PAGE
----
Taylor Swift’s ‘Gorgeous’ Turns Love Into Slapstick Romantic Comedy
Taylor Swift has fallen in and out of love many more times in her music than in real life. But “Gorgeous”, the third preview of her upcoming seventh studio album Reputation, is no “Love Story” – it’s a slapstick romantic comedy. For all the furor over “Look What You Made Me Do”, Swift has never taken herself less seriously. Rarely has she – or any songwriter – depicted infatuation as goofily as this.
The verses to “Gorgeous” are Swift at her pettiest. She meets a man and immediately negs him: “You should take it as a compliment/ That I got drunk and made fun of the way you talk.” She’s tempted to cheat: “I got a boyfriend, he’s older than us/ He’s in the club doing I don’t know what.” She’s even too melodramatic for her own song. Max Martin and Shellback’s gentle, rippling synths sound like thought bubbles – the soundtrack to Taylor meeting someone and immediately planning the rest of their lives together. “You’ve ruined my life by not being mine…” ding!
Swift’s luck is no better in the chorus. “I can’t say anything to your face/ 'Cause look at your face!” For the first time ever, this songwriter’s so tongue-tied she can’t even think of a rhyme. “But what can I say?/ You’re gorgeous!”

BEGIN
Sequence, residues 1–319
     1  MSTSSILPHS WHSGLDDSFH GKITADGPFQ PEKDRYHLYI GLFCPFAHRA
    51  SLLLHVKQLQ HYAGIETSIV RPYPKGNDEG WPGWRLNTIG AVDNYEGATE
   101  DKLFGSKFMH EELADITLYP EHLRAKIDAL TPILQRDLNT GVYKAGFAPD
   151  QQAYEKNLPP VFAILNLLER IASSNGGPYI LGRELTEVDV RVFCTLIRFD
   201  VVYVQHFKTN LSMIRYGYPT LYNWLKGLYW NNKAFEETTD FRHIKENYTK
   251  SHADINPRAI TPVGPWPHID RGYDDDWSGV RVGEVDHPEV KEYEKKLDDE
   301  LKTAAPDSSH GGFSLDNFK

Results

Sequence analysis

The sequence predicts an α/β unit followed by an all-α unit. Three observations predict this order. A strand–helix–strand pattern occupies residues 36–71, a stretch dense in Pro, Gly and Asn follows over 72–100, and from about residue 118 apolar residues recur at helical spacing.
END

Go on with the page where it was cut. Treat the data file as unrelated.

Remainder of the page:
The protagonist of this song is not a good person. She craves attention, she’s overly dramatic, never admits she’s wrong – and she blames everyone else for her own temptation. But isn’t that what infatuation does to all of us? Swift’s playing a character, someone raised on a lifetime of fairytales about true love – some of them maybe even sung by Taylor herself. “There’s nothing I hate more than what I can’t have”; it’s enough to drive you crazy.
Taylor Swift used to be a hopeless romantic. But growing up means learning that the world doesn’t revolve around you, even when you’re a household name. Being rejected in love isn’t the end – life goes on. So you laugh, pick yourself back up, and learn not to fall so hard next time. Or maybe you see another handsome face, and the cycle starts all over again. “Guess I’ll just stumble on home to my cats… alone,” she quips on the chorus. “Unless you wanna come along, oh!” It’s a pretty meaningful in-joke, coming from one of the world’s most famous cat ladies. At least Olivia and Meredith will always be there for her. Who needs men anyway?
For years, people have called Swift crazy in love, a maneater, someone who uses relationships as fodder for songs. But ever since “Blank Space”, she’s turned that on its head, mocking her image by blowing it up to comical proportions. With its oh-so-breathless delivery and obsession with always being right, “Gorgeous” could pass for a parody of a Taylor Swift song - in fact, the joke’s already gone over some people’s heads. But Swift’s never been wittier.
Who’s the real Taylor Swift: the all-powerful celebrity, or the flustered everygirl she plays on “Gorgeous”? Does it matter? She’ll let you laugh with her either way. Just don’t call it a “love song.”